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guinea fowl

guinea fowl (gĬn´ē), common name for any of the seven species of gallinaceous birds of the family Numididae, native to Africa and Madagascar. The helmeted guinea fowl, Numida meleagris, from which the domesticated strains are descended, is typical of the family, with its bare head and neck, sleek body, smooth dark feathers dotted with white, and short tail. It is named for its bony casque. Guinea fowls are raised, mainly for their gamey flesh, in many parts of the world. Of the three domestic varieties (the pearl, the white, and the lavender), the purplish-gray colored pearl is the most common. The largest member of the family is the 24-in. (60-cm) vulturine guinea fowl, Acryllium vulturinum, found in tropical E Africa. Guinea fowls are extremely good runners and use this method, rather than flying, to escape predators. Guinea fowls are known to have been domesticated by the ancient Greeks and Romans. They are classified in the phylum Chordata, subphylum Vertebrata, class Aves, order Galliformes, family Numididae.

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guinea fowl

guinea fowl Pheasant-like game bird of Africa and Madagascar. The common domestic guinea hen (Numida meleagris) is blue, grey or black with white spots and an ornamental crest. Length: to 50cm (20in). Family Phasianidae.

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guinea fowl

guin·ea fowl • n. (pl. same) a large African game bird (family Numididae, or Phasianidae) with slate-colored, white-spotted plumage and a loud call. It is sometimes domesticated.

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guinea fowl

guinea fowl Game bird, Numida meleagris, not seasonal, and now widely farmed. Nutritionally similar to chicken.

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Guinea Fowl

Guinea fowl

Guinea fowl are seven species of medium-sized terrestrial birds in the family Phasianidae, order Galliformes, which also includes other fowl-like birds, such as the grouse , ptarmigan, turkey, quail , peafowl , and pheasants .

The natural range of guinea fowl is sub-Saharan Africa , the Arabian Peninsula, and Madagascar. However, these birds have been introduced to some other places, and are commonly kept in aviculture. The usual habitats of guinea fowl are open forests , savannas, and grasslands .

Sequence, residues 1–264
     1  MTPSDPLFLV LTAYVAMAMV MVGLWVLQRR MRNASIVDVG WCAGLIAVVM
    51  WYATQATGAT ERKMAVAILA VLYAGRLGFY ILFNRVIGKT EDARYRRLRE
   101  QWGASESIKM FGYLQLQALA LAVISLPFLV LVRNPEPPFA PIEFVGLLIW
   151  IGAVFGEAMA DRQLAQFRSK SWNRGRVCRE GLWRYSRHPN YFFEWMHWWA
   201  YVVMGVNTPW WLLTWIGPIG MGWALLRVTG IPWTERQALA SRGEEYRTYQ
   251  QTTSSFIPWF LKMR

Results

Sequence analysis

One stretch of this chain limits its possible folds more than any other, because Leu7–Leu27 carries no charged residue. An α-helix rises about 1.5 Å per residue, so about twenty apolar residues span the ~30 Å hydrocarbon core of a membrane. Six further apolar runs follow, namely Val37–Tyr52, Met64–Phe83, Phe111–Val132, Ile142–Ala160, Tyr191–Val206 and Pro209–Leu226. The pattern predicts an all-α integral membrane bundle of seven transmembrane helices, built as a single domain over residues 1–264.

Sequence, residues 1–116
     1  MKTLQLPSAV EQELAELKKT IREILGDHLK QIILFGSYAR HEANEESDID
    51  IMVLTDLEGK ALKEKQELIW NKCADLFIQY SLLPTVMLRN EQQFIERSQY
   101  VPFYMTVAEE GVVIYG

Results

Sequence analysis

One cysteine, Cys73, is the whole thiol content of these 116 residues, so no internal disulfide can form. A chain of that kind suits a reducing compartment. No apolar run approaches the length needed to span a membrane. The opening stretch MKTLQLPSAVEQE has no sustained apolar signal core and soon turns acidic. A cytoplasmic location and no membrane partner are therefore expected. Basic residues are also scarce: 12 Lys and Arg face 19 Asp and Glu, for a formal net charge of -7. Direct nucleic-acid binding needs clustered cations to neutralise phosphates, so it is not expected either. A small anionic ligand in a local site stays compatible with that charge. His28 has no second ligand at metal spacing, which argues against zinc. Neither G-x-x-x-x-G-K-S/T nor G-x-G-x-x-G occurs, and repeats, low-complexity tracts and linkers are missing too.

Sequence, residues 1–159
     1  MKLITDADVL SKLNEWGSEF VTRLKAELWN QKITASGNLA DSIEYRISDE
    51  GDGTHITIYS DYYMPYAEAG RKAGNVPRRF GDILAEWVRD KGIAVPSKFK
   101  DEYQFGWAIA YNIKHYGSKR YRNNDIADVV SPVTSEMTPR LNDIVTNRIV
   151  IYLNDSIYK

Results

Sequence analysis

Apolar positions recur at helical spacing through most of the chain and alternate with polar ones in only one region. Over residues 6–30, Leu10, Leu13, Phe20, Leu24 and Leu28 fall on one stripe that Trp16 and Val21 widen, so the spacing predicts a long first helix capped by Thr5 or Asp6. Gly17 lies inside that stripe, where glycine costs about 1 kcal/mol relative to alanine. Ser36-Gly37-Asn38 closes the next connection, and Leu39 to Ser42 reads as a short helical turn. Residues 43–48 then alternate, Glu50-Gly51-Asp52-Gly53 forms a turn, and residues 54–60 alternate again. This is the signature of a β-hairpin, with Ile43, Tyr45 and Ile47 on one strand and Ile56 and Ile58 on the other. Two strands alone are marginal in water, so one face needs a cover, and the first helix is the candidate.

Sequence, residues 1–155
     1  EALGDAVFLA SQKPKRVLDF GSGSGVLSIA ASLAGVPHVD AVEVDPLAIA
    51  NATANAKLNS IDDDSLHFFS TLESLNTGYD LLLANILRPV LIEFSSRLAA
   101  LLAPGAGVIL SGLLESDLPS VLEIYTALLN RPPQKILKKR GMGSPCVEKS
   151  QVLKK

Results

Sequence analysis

The range of body lengths of guinea fowl is 17-29 in (43-75 cm). Their head and the upper part of their neck are devoid of feathers, but the skin is brightly colored in hues of blue, red, yellow, or grey. Some species have a bony structure known as a casque on the top of their head, while others have a wattle or other types of colored protuberances. Their bill is short but stout, the wings rather short and rounded, and the legs and feet are large and used for running and scratching in litter for their food of insects , seeds , roots, and rhizomes. The plumage is dark colored, but patterned with white spots and bars. The sexes are similar in shape and color .

Guinea fowl are terrestrial birds. They are powerful fliers, but only over a short distance. Guinea fowl generally prefer to run swiftly from danger rather than fly. Guinea fowl do not migrate.

The nests are crude scrapes on the ground, containing 2-20 eggs, which are brooded by the female. Both sexes care for the hatched young. Guinea fowl are highly gregarious birds, occurring in large flocks, especially during the non-breeding season, when they may also wander extensively. These flocks scatter readily when any bird perceives danger and utters an alarm call. The flock re-assembles later, as soon as one of the older, more-experienced males sounds an all-clear call.

The largest and most ornamentally plumaged species is the vulturine guinea fowl (Acryllium vulturinum) of central and east Africa. This is a relatively tall species, with long legs, an elongate neck, blue-skinned head, long downward hanging neck feathers known as hackles, a cobalt-blue colored breast, and a black body with white spots and stripes.

The helmeted or domestic guinea fowl (Numida meleagris) is originally from a wide range in sub-Saharan Africa, where it is commonly hunted as a game bird, as are other wild species of guinea fowl. However, the helmeted guinea fowl has also been domesticated. This species has long been kept in domestication in Africa and now more widely in tropical and south-temperate climates. Wild, naturalized populations also occur beyond the original range of this species, probably including the wild birds of Madagascar and smaller islands in the Indian Ocean, but also in Central America. The domestic guinea fowl is kept as a source of meat and eggs, although it is used for these purposes much less commonly than the domestic chicken (Gallus gallus, family Phasianidae). The domestic guinea fowl is also commonly kept as a pet.

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